Nursing professional education: implications of education for transpersonal care
Nunes, Emanuelle Caires Dias Araújo;Silva, Luzia Wilma Santana da;Pires, Eulina Patricia Oliveira Ramos;
Revista Latino-Americana de Enfermagem , 2011, DOI: 10.1590/S0104-11692011000200005
Abstract: this study identifies the perceptions of undergraduate nursing students concerning their education to provide transpersonal care. this qualitative study was conducted in four public universities in bahia, brazil with 16 seniors (non-probabilistic sampling) through semi-structured interviews, analyzed through the collective subject discourse. the results expressed the students’ feelings in the face of the challenge to provide transpersonal care; the psycho-cognitive competencies required by inter-subjective praxis; their perceptions concerning the curriculum in relation to the psycho-emotional dimension of being, untying critical knots; strategies suggested. the final reflections indicate the need to implement changes in the professional education of nurses in order to recover the humanistic view while preserving the scientific view. undergraduate courses should develop an interactive methodology capable of supporting a more humane, sensitive and inter-subjective care praxis.
Utilizing simulation curriculum to decentralize mental health concepts  [PDF]
D. M. H. Michelle Beckford
Open Journal of Nursing (OJN) , 2013, DOI: 10.4236/ojn.2013.32031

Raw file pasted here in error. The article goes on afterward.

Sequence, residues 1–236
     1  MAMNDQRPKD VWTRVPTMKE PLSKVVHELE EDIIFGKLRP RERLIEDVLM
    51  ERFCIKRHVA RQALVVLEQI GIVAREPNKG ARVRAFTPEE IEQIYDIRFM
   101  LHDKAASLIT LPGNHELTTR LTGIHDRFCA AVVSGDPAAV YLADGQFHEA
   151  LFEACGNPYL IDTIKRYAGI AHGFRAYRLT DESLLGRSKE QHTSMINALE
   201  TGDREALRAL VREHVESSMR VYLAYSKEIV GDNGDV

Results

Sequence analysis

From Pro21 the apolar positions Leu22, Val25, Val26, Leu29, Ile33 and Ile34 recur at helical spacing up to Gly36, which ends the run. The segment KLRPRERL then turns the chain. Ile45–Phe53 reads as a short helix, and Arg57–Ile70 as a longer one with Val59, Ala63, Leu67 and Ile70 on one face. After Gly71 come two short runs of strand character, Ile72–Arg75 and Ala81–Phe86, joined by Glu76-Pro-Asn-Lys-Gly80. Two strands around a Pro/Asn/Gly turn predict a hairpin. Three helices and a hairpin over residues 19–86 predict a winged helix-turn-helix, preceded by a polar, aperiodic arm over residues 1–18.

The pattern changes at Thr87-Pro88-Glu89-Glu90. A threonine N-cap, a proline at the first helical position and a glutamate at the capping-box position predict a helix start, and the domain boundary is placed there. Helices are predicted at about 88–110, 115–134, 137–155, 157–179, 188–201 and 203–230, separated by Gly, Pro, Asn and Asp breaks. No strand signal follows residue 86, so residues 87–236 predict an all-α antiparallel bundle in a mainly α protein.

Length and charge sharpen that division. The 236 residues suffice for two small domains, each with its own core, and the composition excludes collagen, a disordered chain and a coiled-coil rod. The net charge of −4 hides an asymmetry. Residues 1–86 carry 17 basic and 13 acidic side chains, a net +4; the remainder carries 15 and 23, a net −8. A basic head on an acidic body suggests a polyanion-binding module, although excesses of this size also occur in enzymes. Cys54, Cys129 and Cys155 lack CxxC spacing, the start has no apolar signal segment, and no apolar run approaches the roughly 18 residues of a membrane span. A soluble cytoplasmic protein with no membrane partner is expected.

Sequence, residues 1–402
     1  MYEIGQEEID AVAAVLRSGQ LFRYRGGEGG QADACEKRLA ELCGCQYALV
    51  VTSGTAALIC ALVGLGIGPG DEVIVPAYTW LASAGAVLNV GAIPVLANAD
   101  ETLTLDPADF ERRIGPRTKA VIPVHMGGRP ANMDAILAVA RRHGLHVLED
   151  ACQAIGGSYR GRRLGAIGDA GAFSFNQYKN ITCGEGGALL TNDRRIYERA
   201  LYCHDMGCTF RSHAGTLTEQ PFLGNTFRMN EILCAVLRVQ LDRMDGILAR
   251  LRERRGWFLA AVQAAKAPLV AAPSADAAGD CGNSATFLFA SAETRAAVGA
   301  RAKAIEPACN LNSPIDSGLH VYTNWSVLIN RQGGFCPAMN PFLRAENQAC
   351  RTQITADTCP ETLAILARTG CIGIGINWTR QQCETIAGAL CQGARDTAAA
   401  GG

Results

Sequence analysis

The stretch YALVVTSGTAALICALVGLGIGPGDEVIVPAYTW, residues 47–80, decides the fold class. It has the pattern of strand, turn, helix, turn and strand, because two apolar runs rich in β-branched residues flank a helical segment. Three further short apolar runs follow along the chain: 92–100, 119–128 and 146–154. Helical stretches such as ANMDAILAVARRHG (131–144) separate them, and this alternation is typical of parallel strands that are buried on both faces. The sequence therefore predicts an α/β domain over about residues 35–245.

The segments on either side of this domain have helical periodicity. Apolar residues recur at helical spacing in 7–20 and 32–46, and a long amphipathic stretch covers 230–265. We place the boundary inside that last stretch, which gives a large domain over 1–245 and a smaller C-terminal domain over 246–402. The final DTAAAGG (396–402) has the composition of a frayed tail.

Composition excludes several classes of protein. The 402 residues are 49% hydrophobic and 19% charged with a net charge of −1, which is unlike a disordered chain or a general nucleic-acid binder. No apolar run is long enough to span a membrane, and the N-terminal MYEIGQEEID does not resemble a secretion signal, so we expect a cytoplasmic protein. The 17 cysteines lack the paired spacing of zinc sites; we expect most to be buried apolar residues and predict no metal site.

The International Society of Psychiatric Nurses as well as The American Psychiatric Nurses Association called for decentralization of psychiatric concepts in undergraduate nursing education. The author developed a series of simulation scenarios to address therapeutic communication and psychosocial needs in a variety of patient care settings. In terms of holistic care, psychological well-being is relevant to all realms of nursing practice. Mental health assessment and intervention need to be included in all areas of an undergraduate-nursing curriculum. The purpose of this project was to create a BSN curriculum that reflects the mental health needs of patients not only in acute care psychiatric facilities but also in medical-surgical disciplines, maternity units, and community settings. The curriculum is designed to also cover mental health throughout the lifespan-from infancy to end of life. A goal was to develop educational techniques, which translate into safe practice. A series of five simulations have been created with additional scenarios to be established in the following academic year. Topics include: alcohol withdrawal, end of life care, post-traumatic stress disorder, post-partum depression, serotonin syndrome, benzodiazepine over dose, elder abuse, depression in military veterans, and geriatric depression. All incorporate QSEN competencies [1]. The overall learning objectives are for undergraduate nursing students to initiate and implement an appropriate mental status assessment using therapeutic communication, and also to provide safe care by identifying risk factors and using clinical decision making to establish requisite nursing interventions. The methodology included relevant documentation through the use of appropriate assessment tools. Learning objectives were assessed through pre-simulation and post-simulation ten-question inventory and anecdotal feedback. QSEN competencies were utilized in creating scenarios as well as pre and post testing. Students voiced an ability to connect the didactic material to their clinical experiences following simulation.